Although I can’t admit being a great reader, no author succeeds to thrill me more than Raymond Chandler. It’s not the criminal or mystery aspect that interests me, but Chandler’s prose and Philip Marlowe who ranks among the most fascinated characters in literature. He is the only honest man in a dishonest world. He is in many ways the prototype of the modern Private Eye (along with Sam Spade), although far more layered than the parodies will have you know. He is an incredibly rich and conflicted character, who’s motive, while honourable, is never quite clear. He is an enigma, and the more we learn about him, the less we know. His world is dark, corrupt, rich, impoverished, and greedy. He seems infallible, even invulnerable to temptation but this isn’t as it seems. More than once he truly loses his temper, and I unfortunately think none of the screen adaptations (at least that I’ve seen) captures his fits of frustration. The most marking perhaps is in the Big Sleep, when he finds Carmen Sternwood naked in his apartment. She calls him a filthy name, and something in him snaps, he remarks to himself “I couldn’t stand her in that room any longer. What she called me only reminded me of that”. He manages to throw her out, and instead of resigning to the event as we expect him too, maybe pour some more drink he “[tears] the bed to pieces”. These are the moments, even though they are far and inbetween that always make me come back to his stories. I’m constantly trying to figure Marlowe out.
What I know about Marlowe is fairly simplistic, he’s smarter than a Private dick ought to be. He not only has street smarts, but is well versed in literature, history and has ongoing chess games with himself going on. He is often making allusions to other detectives, like Philo Vance or Sherlock Holmes. If not that he makes references to Wuthering Heights that goes over people’s heads. His chess games emphasis his inner turmoils, and the mentioning of the “white knight” is recurring. At times he accepts this role, while other times he bitterly acknowledges that this is no world for knights. Another angle about his character that intrigues me is his interraction with women. He isn’t the ladies man most of the films paint him out to be, when women do “fall” for him (it’s rare), it’s usually as a means of gaining advantage rather than true affection. Then, if we come back to that moment I mentioned earlier where Carmen offers herself to Marlowe, I think his character again delves into complexities that are often undermined. It’s not only the honourable thing to reject her, because it would make him better at his job. That is only part of it, and perhaps the most minor. Her presence truly enrages him, and reveals a resentment of women far deeper than one would have thought. I don’t think it’s misoginy on his part, or Chandler’s, but a hardness acquired from too many mistakes and betrayals. The next morning, out of type, he is still upset over the incident and he says “women make me sick”. It’s the only moment I’ve encountered, amidst a lot of beatings, betrayals and near death experiences that he truly holds a strong resentment and grudge. Carmen represents something for Marlowe that the reader is not allowed to understand, we can only guess and piece together a puzzle of a man who is terribly frustrated and hurt. I think a lot of it is that he was tempted to take advantage (or be taken advantage of), and not only does part of himself which he did, the other part is punishing and blaming others for these thoughts.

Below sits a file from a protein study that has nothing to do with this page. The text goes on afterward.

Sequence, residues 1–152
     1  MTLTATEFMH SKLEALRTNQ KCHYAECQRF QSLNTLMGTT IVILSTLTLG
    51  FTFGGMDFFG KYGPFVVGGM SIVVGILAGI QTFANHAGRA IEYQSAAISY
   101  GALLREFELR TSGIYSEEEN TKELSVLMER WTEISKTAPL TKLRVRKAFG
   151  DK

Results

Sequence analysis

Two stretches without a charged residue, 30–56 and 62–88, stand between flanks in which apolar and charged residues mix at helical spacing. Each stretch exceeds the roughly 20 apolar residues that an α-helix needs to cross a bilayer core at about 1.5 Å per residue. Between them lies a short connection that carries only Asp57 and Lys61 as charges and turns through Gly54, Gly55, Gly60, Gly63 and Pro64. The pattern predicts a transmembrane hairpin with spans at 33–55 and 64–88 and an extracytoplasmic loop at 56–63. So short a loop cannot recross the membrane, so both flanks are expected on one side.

As I’m reading The High Window, I’m taking a break to think about who is the best screen version of Marlowe. I still haven’t seen Marlowe (1969) with James Garner, any of the Robert Mitchum, The Brasher Doubloon (1947) with George Montgomery or any of the television incarnations. If you’re good at math, that leave four screen Marlowes; Dick Powell (Murder, my Sweet, 1944), Humphrey Bogart (The Big Sleep, 1946), Robert Montgomery (The Lady in the Lake, 1947) and Elliot Gould (The Long Goodbye, 1973). I actually like all of these actors, and what they bring to the role. I also like all of these films, so really it’s a matter of what is closest to my own vision of who Philip Marlowe is that counts the most.
Let’s start with Dick Powell in Murder, My Sweet (not only because it’s the earliest film, it also so happens it has been the longest since I’ve seen it). Based on Farewell, My Lovely (the title was changed because people thought it was a Powell musical) the film is fairly accurate, and Powell is a more than serviceable Marlowe. It’s interesting to note that this is actually Chandler’s own favourite onscreen Marlowe, although He is all at once ordinary and good looking enough to play the part, but unfortunately for Powell he also doesn’t seem weathered enough. I can hardly blame that on him though. He is a little too silly for my tastes, and while there is no denying that Marlowe had a sense of humour it’s a lot darker and quicker than Powell is able to effectively pull off. Overall I’d probably rank him near the bottom of the list, although as I said earlier I like them all.
Next comes the immortal Bogart, in the classic The Big Sleep. While this vies for my favourite Chandler adaptation, it’s probably the most innacurate. Bogart captures a lot of the charm and wit of the character, and has the face for it. I think though, ultimately Hawks’ vision does not coincide with Chandler’s. Add in the editorial changes to play up on the Bogart and Bacall chemistry there isn’t much left of the story. I will say though, that Hawks makes Chandler’s convolutedness work so absurdly well. This film is truly a landmark for mainstream film, as it is so artfully done. Nearly all of Marlowe’s darkness and loneliness is cut out in this film, but Bogart manages to make it more than just a pulpy James Bond detective. I think Bogart edges out Powell, he just is a better actor.